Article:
I’ve been working on a research project about counter-harassment projects in Twitter, where I’ve been focusing on blockbots (or bot-based collective blocklists) in Twitter. Blockbots are a different way of responding to online harassment, representing a more decentralized alternative to the standard practice of moderation — typically, a site’s staff has to go through their own process to definitively decide what accounts should be suspended from the entire site. I’m excited to announce that my first paper on this topic will soon be published in Information, Communication, and Society (the PDF on my website and the publisher’s version).

This post is a summary of that article and some thoughts about future work in this area. The paper is based on my empirical research on this topic, but it takes a more theoretical and conceptual approach given how novel these projects are. I give an overview of what blockbots are, the context in which they have emerged, and the issues that they raise about how social networking sites are to be governed and moderated with computational tools. I think there is room for much future research on this topic, and I hope to see more work on this topic from a variety of disciplines and methods.

What are blockbots?

Blockbots are automated software agents developed and used by independent, volunteer users of Twitter, who have developed their own social-computational tools to help moderate their own experiences on Twitter.

blockbot

The blocktogether.org interface, which lets people subscribe to other people’s blocklists, publish their own blocklists, and automatically block certain kinds of accounts.

READ MORE

Privacy for Citizen Drones: Use Cases for Municipal Drone Applications

By Timothy Yim, CTSP Fellow and Director of Data & Privacy at Startup Policy Lab | Permalink

Previous Citizen Drone Articles:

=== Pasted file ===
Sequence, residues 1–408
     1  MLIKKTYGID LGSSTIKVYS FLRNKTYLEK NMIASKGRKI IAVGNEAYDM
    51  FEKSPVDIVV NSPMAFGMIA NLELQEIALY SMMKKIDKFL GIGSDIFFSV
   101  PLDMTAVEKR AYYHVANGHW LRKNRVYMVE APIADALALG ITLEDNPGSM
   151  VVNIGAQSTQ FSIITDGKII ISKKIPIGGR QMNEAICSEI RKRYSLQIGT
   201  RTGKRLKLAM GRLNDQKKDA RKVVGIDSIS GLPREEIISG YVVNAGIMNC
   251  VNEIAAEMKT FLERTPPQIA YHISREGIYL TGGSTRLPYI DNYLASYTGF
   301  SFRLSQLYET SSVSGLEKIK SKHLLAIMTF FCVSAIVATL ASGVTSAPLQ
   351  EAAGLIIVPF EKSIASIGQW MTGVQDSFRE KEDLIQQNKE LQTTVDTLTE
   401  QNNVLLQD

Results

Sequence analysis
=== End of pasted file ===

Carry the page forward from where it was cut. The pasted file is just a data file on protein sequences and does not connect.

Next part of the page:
1. Citizen Drones: delivering burritos and changing public policy
  2. Privacy for Citizen Drones: Privacy Policy-By-Design
  3. Privacy for Citizen Drones: Use Cases for Municipal Drone Applications

Startup Policy Lab is leading a multi-disciplinary initiative to create a model policy and framework for municipal drone use.

A Day in the Park

We previously conceptualized a privacy policy-by-design framework for municipal drone applications—one that begins with gathering broad stakeholder input from academia, industry, civil society organizations, and municipal departments themselves. To demonstrate the benefits of such an approach, we play out a basic scenario.

A city’s Recreation and Parks Department (“Parks Dept.”) wants to use a drone to monitor the state of its public parks for maintenance purposes, such as proactive tree trimming prior to heavy seasonal winds, vegetation pruning around walking paths, and any directional or turbidity changes in water flows. For most parks, this would amount to twice-daily flights of approximately 15–30 minutes each. The flight video would then be reviewed, processed, and stored by the Parks Dept.

READ MORE

Privacy for Citizen Drones: Privacy Policy-By-Design

By Timothy Yim, CTSP Fellow and Director of Data & Privacy at Startup Policy Lab | Permalink

Startup Policy Lab is leading a multi-disciplinary initiative to create a model policy and framework for municipal drone use.

Towards A More Reasoned Approach